Record of a Spaceborn Few : on stories

A few days ago I finished reading Becky Chambers’s novel “Record of a spaceborn few“. I already mentioned this book in my last post, because of something she wrote in the first few pages that struck me. But it turned out to have more that belonged on this blog. I’m not going to get into the plot here, but the setting is the Exodus Fleet: a series of generation ships on which part of humanity embarked when Earth became unable to support us. Here’s a lengthy quote:

“Our species doesn’t operate by reality. It operates by stories. Cities are a story. Money is a story. Space was a story, once. A king tells us a story about who we are and why we’re great, and that story is enough to make us go kill people who tell a different story. Or maybe the people kill the king because they don’t like his story and have begun to tell themselves a different one. When our planet started dying, our species was so caught up in stories. We had thousands of stories about ourselves…but not enough of us were looking at the reality of things. Once reality caught up with us and we started changing our stories to acknowledge it, it was too late.

It is easy to remember that story here, in the Fleet. Every time you touch a bulkhead, every time you tend a garden, every time you watch the water in your hex’s cistern dip a little lower, you remember. You know what the story is here.”

Humans run on stories, not reality. We can see this by looking around us; it’s something that populists and propagandists understand well. But I hadn’t thought about it quite like this before.

There’s optimistic SF out there that shows what a sustainable civilization on Earth could look like. Becky Chambers wrote some of it. This is important. But there’s not much that gives us stories of getting from here to there. That feels like something we’re missing. It’s probably very hard to write those, because it’s not obvious how to do that. Star Trek does offer one narrative if one gets into the backstory, but it involves WW3, so it’s hardly aspirational… perhaps until we have popular / folk narratives that people can relate to that show the sort of change that we need – systemic, disruptive, society-wide change – actually happening, rather than having happened, it’ll continue to be very hard for most of us to really engage on a path of sustainability and transition at more than an intellectual level. We need a story to follow. We need to change our stories to acknowledge reality.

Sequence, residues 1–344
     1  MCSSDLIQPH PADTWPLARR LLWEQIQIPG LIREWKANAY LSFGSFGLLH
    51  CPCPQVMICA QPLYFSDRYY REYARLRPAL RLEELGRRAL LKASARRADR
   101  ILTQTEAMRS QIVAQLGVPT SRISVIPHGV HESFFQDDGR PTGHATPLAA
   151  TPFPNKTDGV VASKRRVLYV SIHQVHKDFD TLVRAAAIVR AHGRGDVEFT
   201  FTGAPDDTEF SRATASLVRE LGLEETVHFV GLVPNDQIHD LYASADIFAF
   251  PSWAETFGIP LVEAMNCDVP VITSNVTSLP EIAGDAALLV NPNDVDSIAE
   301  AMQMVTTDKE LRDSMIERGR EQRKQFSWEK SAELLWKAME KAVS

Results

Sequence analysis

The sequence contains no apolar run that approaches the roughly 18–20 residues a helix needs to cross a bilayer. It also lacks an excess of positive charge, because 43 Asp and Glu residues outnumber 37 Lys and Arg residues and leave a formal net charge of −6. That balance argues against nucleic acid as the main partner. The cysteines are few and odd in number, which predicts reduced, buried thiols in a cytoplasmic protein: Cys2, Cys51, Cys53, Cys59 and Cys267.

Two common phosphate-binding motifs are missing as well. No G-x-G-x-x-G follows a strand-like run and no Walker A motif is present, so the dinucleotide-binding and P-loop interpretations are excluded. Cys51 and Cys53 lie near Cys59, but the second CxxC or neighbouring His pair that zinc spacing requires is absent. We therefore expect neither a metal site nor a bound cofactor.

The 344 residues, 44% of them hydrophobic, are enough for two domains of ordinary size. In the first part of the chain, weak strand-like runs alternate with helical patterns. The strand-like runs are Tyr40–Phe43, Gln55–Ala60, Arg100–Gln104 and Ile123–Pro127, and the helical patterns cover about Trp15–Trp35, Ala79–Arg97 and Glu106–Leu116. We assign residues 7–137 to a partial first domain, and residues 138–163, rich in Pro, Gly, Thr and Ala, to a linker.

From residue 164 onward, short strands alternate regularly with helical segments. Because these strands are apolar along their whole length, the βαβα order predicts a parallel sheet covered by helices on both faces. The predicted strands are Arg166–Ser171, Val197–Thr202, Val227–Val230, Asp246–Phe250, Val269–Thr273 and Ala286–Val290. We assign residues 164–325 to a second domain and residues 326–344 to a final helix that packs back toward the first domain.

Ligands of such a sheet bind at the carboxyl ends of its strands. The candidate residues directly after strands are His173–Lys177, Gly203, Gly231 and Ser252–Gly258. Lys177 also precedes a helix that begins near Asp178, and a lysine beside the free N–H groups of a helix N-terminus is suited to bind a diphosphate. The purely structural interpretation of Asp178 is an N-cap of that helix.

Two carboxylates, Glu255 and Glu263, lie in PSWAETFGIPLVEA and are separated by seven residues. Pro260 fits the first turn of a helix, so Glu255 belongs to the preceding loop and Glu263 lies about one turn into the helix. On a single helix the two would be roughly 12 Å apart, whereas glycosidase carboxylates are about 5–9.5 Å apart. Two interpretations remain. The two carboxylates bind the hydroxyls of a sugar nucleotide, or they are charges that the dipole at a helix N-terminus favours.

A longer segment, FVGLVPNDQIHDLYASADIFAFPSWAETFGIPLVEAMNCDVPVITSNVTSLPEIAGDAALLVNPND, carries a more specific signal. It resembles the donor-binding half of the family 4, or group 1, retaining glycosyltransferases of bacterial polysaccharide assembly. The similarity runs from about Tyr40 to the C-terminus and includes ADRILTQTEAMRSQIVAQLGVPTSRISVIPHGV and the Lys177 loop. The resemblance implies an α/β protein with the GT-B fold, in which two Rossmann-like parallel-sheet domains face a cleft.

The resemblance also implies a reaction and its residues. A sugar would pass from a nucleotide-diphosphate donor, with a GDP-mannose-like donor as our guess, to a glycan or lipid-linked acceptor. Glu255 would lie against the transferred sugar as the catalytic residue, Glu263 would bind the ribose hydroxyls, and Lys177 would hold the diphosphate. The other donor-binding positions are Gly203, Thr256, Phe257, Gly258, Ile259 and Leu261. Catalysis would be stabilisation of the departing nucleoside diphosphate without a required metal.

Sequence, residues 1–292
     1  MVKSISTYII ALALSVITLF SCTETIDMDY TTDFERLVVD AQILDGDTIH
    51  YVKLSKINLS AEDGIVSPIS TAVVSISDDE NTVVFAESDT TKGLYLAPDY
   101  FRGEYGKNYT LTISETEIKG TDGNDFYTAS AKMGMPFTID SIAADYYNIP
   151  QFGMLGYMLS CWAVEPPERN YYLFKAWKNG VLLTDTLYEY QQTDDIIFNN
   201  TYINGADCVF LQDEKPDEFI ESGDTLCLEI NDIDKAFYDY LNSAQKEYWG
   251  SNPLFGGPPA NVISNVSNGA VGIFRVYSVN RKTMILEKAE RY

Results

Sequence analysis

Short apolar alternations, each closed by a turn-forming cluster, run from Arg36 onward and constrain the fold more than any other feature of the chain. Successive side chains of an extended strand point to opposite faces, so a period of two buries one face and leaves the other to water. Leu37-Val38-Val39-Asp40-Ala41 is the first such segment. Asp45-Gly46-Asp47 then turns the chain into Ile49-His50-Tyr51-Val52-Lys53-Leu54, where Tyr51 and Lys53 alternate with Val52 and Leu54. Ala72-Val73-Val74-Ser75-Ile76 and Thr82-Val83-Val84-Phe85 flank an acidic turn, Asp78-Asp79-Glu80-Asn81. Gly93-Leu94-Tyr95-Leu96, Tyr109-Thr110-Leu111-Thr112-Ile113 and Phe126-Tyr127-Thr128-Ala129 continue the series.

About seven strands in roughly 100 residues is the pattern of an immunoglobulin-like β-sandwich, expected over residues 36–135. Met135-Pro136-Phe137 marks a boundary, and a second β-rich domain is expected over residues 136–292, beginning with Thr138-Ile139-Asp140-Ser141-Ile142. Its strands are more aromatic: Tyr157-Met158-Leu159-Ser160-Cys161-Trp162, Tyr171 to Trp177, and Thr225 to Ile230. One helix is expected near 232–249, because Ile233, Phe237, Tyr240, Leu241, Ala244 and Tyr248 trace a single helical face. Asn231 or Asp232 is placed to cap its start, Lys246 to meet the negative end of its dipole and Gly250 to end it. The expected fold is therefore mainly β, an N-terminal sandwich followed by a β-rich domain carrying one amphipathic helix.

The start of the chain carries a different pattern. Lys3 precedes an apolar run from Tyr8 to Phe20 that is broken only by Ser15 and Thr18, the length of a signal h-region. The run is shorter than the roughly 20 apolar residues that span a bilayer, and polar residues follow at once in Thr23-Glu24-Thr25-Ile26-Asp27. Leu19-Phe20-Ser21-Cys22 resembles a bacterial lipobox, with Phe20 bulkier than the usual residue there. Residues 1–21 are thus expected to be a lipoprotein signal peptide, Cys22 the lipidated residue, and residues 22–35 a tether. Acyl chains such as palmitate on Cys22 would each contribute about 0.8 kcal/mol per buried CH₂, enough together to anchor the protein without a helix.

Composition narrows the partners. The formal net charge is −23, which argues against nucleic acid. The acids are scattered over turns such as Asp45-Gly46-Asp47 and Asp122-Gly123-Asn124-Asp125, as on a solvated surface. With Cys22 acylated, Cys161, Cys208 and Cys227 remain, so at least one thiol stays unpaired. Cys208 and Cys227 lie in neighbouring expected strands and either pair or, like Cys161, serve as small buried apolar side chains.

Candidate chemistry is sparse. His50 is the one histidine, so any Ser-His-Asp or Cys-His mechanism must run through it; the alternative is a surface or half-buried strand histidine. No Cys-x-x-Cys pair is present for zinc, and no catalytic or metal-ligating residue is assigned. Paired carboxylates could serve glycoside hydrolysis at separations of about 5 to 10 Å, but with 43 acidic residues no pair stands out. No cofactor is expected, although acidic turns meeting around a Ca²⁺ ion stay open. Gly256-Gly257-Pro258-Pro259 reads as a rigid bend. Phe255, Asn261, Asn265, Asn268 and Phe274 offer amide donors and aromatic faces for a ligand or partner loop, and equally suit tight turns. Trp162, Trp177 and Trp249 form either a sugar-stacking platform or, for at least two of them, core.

Of course, none of this is new or groundbreaking thought. Humanities folk, and any storytellers and folklorists in particular, who read this will no doubt be saying “duh, obviously”. But it’s some new thinking for me, at least in the sustainability domain.

Perhaps it’s worth noting that a lot of the stories we have about dealing with shorter timescale threats are either historical, or grounded in things that have happened. It’s a challenge to do this with climate change. Science fiction can help us, perhaps. While history doesn’t give much that’s comparable at global scale, it’s hardly the first time that a civilization has been threatened by a self-inflicted change in its environment. But we remember those that fell, not those that successfully changed their behaviour and survived.

“Make sure people don’t forget. Make sure people remember that a closed system is a closed system even when you can’t see the edges”

Posted by simon in Reflective